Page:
C Programming language

C Programming Static and Dynamic memory allocation
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Memory allocation in C Data Structures

Mainly Memory allocated to the Data Structures in following two ways :

  1. Static or compile time allocation
  2. Dynamic or runtime allocation

Static or Compile time allocation

It refers to the allocation of the memory to the program elements like identifiers, variables at the very beginning of the program. The amount of the memory allocated in this allocation scheme is fixed and cannot be manipulated.

For example,

int x, y;
float arr[5];

In the above declarations memory allocated to the variables x and y are a block of 2 bytes respectively where for the arr a memory block of 20 bytes is allocated consecutively, as we know in array  elements are stored consecutively. This allocation of memory is determined by the compiler at the compile time.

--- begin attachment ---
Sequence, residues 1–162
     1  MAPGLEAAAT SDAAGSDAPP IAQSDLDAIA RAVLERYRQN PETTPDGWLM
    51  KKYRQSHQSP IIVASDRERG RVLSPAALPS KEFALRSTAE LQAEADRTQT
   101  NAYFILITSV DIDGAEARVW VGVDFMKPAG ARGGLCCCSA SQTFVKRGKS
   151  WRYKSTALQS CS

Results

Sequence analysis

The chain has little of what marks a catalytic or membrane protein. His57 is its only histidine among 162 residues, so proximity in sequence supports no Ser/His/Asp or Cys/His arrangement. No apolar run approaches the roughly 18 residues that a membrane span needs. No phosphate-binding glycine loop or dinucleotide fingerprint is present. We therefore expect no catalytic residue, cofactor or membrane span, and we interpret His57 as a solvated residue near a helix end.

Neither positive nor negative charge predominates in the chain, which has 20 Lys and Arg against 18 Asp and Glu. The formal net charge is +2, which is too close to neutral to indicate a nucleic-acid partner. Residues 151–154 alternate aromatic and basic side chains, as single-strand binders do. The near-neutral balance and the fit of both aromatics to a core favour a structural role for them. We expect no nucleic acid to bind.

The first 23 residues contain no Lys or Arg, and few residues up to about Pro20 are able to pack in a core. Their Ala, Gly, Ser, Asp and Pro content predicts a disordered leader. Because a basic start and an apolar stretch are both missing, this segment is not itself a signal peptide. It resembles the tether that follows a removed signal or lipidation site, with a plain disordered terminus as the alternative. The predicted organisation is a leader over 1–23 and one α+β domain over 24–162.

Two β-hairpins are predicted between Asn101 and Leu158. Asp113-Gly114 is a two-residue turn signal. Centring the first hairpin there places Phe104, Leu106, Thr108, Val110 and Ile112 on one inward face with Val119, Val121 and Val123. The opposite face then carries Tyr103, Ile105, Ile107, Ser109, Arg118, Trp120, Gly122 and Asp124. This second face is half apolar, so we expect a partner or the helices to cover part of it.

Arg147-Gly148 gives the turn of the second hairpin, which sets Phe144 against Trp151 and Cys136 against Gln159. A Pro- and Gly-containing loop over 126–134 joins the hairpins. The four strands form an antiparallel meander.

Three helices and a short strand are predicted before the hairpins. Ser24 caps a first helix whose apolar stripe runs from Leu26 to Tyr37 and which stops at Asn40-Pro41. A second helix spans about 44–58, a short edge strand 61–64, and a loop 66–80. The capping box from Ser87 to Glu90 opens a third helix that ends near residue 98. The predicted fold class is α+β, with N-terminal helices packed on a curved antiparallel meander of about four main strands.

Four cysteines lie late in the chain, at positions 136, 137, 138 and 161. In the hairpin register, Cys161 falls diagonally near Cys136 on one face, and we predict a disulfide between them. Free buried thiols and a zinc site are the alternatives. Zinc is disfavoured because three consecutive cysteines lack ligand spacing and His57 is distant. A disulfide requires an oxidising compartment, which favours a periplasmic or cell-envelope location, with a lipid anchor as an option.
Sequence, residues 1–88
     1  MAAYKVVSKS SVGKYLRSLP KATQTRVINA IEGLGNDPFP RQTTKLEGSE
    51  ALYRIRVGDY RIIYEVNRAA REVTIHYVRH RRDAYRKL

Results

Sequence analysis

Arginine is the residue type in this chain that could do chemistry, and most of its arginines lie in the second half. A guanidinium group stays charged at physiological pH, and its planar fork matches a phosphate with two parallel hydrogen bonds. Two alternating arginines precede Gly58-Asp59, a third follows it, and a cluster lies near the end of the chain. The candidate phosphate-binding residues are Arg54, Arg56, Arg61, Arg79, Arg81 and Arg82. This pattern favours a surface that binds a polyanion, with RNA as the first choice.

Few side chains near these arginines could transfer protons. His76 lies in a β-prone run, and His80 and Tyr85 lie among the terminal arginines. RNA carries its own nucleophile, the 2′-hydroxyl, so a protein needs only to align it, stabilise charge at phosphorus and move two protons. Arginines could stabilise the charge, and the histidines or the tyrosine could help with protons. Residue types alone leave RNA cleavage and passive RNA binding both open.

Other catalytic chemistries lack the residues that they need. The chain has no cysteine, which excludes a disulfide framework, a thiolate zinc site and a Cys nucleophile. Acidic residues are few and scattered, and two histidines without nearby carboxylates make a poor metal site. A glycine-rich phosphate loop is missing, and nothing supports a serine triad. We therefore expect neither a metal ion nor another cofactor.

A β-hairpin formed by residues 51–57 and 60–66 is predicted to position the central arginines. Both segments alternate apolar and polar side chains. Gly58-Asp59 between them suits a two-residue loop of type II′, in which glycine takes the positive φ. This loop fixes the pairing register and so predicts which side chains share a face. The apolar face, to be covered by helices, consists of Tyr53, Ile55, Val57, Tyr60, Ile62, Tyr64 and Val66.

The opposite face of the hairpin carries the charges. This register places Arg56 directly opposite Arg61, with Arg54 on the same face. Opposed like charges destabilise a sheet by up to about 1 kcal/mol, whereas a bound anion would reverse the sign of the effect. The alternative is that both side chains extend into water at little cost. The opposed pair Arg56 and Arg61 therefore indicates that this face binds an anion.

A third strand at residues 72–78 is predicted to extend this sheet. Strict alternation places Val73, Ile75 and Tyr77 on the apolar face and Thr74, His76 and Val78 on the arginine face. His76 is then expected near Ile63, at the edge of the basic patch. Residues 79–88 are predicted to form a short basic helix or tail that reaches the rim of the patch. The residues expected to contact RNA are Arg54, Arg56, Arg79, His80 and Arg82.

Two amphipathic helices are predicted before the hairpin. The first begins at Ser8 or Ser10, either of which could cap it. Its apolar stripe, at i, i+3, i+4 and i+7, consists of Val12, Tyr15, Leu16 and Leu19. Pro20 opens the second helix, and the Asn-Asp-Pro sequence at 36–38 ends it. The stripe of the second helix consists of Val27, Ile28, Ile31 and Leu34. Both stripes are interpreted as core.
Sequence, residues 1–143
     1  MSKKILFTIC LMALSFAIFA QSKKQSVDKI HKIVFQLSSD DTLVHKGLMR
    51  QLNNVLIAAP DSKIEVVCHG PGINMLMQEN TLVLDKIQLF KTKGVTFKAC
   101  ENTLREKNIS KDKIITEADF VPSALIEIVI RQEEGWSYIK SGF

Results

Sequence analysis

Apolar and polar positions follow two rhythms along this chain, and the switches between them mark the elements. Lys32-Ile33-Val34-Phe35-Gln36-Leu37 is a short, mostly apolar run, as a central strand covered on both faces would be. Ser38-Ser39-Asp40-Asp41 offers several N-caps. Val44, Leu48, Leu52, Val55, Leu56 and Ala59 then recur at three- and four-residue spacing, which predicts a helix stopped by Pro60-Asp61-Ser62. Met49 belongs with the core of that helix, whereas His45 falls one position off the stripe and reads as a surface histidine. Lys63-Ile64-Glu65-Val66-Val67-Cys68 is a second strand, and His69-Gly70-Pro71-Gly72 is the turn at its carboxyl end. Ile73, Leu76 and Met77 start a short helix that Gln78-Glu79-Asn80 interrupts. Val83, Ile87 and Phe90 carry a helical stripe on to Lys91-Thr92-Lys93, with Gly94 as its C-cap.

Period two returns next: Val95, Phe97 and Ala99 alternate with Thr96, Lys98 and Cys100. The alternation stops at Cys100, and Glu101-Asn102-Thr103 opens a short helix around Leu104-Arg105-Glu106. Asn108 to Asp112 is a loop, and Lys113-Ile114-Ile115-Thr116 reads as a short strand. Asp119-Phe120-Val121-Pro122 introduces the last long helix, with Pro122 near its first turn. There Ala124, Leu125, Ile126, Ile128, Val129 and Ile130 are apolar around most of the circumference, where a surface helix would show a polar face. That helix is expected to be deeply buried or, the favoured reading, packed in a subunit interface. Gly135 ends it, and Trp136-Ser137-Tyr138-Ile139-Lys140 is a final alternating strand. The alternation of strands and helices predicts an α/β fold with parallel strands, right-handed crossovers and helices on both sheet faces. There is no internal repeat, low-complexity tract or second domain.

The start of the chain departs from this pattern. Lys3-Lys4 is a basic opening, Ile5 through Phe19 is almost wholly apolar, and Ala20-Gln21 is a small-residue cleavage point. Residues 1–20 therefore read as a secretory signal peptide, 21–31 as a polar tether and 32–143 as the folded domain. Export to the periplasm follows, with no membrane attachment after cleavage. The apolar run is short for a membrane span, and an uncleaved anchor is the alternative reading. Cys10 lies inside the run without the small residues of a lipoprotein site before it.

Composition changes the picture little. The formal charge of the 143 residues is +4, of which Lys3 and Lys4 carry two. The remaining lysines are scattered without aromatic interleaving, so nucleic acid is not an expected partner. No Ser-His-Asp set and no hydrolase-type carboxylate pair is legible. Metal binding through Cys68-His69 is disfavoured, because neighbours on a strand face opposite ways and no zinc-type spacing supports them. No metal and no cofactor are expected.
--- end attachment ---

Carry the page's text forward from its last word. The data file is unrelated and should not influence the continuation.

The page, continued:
But this type of allocation scheme suffers from some limitations, for e.g. as we know that there is no bounds checking on the arrays in the C language, so if we store more than five elements in the above declared array then there will not be any type of error but the elements that are defined outside the bounds of the array will not be given consecutive memory locations infact they will be given some random memory locations for their storage, which will certainly violate the property of an array. On the other hand, if we define a lesser no. of elements than the actual containing capacity of an array then there will be sheer wastage of the memory which is not desired.

So to overcome the above  mentioned flaws of the static memory allocation scheme the concept of dynamic memory allocation came into existence.

Dynamic or runtime memory allocation

It means to allocate the memory to program elements during the runtime or the execution time of the program. In this type of allocation scheme the size of the program element can be increased or decreased dynamically according to the program requirement.

In C language the dynamic memory allocation is done via using pointers. This allocation scheme is best suited where we don't know the memory requirement in advance, which is the case with most of real life problems, which gives flexibility to the programmer.

There are some functions used for allocating and deallocating memory dynamically to the data structures.

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